Afghanistan’s ‘Runaway’ Injustice
A long-term solution for ending the crime of “running away” is desperately needed in Afghanistan. By Patricia Gossman
Afghanistan’s most famous star-crossed couple, 18-year-old Zakia and 21-year-old Mohammad Ali, eloped in March for love. Since then, they’ve reaped death threats from their relatives. They both also face possible imprisonment: Mohammad Ali for kidnapping, and Zakia for a crime that has no legal basis in Afghan law and violates international human rights standards – “running away.”
Human Rights Watch has estimated that some 95 percent of girls and 50 percent of women imprisoned in Afghanistan had been accused or convicted of “moral crimes,” such as running away from home or zina (sex outside of marriage). These moral crimes usually involve flight from unlawful forced marriages or domestic violence.
Statistics from Afghanistan’s Interior Ministry indicate that the number of women and girls imprisoned for “moral crimes” in Afghanistan had risen to about 600 in May 2013 from 400 in October 2011 – a 50 percent increase in a year-and-a-half. Since October 2011, there has been an almost 30 percent increase overall in the number of women and girls imprisoned in Afghanistan’s prisons and juvenile detention facilities.
Zakia and Mohammad Ali’s plight illustrates how abusive and pervasive the interpretation and punishment of moral crimes remains in Afghanistan. The couple eloped because her family did not approve of their marriage. In response, Zakia’s parents reportedly threatened to kill her to defend the family’s honor, claiming that Zakia was already married (without her consent) to a relative. Her parents were reportedly also incensed that Zakia, an ethnic Tajik, and a Sunni Muslim, would bring shame on the family by marrying Mohammad Ali, an ethnic Hazara, and Shia.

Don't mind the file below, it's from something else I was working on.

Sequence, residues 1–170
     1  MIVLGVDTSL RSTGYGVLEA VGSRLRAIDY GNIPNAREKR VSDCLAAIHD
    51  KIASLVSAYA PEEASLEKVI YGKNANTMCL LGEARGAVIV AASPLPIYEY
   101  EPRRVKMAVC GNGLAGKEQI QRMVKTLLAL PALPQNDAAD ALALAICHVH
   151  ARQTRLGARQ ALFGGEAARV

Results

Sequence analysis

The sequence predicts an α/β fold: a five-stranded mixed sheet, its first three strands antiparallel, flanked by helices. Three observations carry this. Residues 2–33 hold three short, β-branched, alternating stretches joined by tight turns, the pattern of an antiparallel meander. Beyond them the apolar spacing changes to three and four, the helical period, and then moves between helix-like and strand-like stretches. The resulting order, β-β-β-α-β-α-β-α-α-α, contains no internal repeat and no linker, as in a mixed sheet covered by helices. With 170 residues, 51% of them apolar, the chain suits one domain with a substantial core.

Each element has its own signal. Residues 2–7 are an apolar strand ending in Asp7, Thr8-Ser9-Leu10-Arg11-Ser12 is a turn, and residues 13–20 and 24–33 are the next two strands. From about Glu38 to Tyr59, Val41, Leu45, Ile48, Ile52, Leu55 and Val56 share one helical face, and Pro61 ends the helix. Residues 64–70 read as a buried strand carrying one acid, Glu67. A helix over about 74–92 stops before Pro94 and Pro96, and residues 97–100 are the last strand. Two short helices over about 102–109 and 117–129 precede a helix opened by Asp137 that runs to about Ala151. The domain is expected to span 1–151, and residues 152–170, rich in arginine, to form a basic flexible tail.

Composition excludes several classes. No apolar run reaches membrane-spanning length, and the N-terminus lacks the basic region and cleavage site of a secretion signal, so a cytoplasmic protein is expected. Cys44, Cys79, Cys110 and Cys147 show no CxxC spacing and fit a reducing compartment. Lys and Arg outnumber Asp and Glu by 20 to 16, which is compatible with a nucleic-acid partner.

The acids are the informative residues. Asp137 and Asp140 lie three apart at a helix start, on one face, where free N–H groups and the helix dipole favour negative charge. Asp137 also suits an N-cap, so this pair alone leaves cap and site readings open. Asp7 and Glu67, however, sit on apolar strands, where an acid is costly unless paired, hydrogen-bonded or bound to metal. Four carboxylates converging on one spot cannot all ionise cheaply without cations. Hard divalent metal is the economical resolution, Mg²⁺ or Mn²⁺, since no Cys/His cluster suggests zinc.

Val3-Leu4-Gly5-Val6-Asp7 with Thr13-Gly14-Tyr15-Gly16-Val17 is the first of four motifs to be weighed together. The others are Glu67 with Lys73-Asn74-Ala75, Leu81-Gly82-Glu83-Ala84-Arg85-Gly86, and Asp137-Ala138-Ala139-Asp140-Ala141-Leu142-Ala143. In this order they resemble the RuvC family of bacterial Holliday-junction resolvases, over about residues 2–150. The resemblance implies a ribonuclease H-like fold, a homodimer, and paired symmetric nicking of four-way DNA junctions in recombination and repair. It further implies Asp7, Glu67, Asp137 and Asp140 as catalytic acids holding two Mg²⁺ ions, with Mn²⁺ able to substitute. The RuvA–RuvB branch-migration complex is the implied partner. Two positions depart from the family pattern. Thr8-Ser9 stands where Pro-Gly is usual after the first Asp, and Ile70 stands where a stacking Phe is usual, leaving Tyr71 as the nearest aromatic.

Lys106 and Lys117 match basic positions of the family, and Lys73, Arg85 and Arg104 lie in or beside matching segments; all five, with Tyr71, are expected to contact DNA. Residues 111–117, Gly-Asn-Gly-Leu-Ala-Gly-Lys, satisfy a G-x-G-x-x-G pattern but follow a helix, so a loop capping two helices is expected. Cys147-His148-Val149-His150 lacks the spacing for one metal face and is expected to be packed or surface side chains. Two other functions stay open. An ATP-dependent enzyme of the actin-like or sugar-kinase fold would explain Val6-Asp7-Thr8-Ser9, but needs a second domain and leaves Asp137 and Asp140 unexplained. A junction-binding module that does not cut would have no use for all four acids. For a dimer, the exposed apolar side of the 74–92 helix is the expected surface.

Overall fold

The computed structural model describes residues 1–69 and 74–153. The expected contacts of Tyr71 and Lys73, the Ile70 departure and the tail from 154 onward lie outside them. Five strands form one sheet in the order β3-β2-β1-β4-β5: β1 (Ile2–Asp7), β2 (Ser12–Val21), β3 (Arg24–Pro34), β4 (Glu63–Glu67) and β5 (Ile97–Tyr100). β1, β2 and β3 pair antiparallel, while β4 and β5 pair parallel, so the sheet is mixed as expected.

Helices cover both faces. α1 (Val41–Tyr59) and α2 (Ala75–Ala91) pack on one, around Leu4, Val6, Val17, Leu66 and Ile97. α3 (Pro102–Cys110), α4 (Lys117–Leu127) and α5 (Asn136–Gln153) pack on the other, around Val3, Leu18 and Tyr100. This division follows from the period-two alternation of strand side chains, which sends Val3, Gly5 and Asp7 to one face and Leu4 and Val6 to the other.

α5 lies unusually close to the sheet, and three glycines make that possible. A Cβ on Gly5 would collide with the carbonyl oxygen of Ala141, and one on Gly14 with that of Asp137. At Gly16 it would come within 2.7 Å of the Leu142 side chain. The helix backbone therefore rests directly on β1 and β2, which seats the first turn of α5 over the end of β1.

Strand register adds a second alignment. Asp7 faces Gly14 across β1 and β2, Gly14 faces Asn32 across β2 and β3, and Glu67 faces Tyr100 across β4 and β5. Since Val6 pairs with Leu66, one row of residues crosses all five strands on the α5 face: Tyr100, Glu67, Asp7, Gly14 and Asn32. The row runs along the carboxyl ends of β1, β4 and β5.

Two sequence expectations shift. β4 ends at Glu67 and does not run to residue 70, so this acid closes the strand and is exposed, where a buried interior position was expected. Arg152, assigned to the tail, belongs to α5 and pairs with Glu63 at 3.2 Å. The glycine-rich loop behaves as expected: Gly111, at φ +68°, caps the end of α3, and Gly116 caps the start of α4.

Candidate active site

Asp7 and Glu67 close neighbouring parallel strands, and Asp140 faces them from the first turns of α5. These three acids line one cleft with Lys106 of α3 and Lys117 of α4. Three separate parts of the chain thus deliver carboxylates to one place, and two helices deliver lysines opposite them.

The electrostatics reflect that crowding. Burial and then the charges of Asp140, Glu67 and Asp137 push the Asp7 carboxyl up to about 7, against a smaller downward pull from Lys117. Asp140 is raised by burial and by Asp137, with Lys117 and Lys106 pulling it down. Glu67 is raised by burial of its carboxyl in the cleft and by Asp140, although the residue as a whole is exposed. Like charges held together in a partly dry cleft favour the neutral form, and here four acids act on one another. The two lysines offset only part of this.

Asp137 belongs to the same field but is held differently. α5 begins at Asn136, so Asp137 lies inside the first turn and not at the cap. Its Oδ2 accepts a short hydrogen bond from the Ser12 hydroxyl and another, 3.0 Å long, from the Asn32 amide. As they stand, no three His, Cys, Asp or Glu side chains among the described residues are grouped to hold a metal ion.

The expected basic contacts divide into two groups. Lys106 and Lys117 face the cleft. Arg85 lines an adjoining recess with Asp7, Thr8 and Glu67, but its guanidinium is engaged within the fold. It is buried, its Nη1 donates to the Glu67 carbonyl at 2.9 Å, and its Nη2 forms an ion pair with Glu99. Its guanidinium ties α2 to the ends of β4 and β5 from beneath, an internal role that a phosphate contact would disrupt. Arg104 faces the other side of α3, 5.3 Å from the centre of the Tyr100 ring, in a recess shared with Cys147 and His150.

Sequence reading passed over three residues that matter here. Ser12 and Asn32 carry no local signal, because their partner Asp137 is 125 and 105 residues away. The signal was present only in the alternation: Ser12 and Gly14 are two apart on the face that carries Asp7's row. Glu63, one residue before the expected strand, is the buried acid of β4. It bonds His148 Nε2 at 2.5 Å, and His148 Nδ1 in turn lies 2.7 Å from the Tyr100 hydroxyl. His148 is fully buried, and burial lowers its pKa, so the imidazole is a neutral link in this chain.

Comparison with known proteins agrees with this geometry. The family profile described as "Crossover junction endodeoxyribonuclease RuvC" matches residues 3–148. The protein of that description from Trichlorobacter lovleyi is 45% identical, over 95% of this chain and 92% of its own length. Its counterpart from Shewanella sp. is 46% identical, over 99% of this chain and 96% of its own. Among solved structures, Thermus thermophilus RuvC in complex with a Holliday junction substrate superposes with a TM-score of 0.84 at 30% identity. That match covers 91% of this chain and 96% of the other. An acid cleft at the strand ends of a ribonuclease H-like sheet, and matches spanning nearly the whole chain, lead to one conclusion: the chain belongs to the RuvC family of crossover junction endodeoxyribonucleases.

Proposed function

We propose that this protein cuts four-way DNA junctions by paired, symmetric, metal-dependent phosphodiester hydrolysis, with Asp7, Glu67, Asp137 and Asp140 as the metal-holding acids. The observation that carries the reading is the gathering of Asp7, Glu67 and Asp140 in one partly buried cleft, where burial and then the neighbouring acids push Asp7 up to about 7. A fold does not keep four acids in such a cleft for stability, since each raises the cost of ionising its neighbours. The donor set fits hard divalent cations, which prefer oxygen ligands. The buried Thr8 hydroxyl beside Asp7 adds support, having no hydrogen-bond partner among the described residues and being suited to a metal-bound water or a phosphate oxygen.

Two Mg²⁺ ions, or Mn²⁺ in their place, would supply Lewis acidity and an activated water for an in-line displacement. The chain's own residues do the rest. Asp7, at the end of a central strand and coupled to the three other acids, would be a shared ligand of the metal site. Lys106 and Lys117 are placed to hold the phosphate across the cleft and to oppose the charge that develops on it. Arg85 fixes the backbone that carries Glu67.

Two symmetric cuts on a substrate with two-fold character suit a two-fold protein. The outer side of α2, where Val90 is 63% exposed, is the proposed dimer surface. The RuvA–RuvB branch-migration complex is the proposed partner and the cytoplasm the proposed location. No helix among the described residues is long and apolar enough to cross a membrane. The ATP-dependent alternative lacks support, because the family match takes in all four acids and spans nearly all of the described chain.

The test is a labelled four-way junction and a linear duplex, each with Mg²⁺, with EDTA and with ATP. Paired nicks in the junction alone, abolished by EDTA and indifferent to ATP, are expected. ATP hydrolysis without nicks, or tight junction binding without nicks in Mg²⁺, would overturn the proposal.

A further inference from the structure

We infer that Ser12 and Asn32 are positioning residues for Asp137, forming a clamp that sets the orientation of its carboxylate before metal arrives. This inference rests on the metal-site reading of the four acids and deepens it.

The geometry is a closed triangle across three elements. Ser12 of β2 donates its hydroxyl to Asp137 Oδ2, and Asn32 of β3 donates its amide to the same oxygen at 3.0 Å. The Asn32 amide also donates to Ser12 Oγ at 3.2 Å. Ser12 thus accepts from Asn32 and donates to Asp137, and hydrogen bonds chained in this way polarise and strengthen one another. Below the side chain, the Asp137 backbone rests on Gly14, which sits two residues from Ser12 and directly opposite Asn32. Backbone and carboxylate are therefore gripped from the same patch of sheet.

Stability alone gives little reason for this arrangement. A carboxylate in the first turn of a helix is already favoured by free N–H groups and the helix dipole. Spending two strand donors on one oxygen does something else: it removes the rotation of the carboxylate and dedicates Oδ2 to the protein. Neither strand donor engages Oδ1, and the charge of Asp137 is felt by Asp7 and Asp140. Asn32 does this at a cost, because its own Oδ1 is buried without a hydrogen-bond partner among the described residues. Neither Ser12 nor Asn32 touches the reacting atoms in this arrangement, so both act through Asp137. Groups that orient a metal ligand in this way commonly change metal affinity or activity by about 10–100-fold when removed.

On June 6, six of Zakia’s male relatives reportedly abducted Mohammad Ali off of a street in downtown Kabul and took him to a police station. Muhammad Ali now reportedly faces prosecution for kidnapping Zakia, an offense that can result in the death penalty. To protect herself from attack by her family, Zakia turned herself in to one of Afghanistan’s few women’s shelters, where she will remain pending a court verdict on a charge of bigamy laid by her family. The police station chief has stated that there is pressure from senior officials to keep them locked up.
A long-term solution for ending the crime of “running away” is desperately needed in Afghanistan. Both candidates in this Saturday’s election for president have voiced support for women’s rights. An early order of business for the next president is to issue an administrative decree that “running away” should not be treated as a crime under Afghan law, and pardon everyone convicted of it. Until they do, Afghanistan’s women and girls – and couples such as Zakia and Muhammad Ali – will remain under threat.
About the Author
Patricia Gossman is senior researcher on Afghanistan. Prior to joining HRW, she was Director of the Afghanistan Program at the International Center for Transitional Justice on Afghanistan, and was the founder and director of the Afghanistan Justice Project, an OSI-funded project to document war crimes committed during the Afghan conflict, 1978-2001.
She was Senior Researcher for South Asia at Human Rights Watch in the 1990s, covering not only Afghanistan, but India, Pakistan and Nepal. She received her doctorate in South Asian Studies from the University of Chicago and is widely published on human rights issues in the region.
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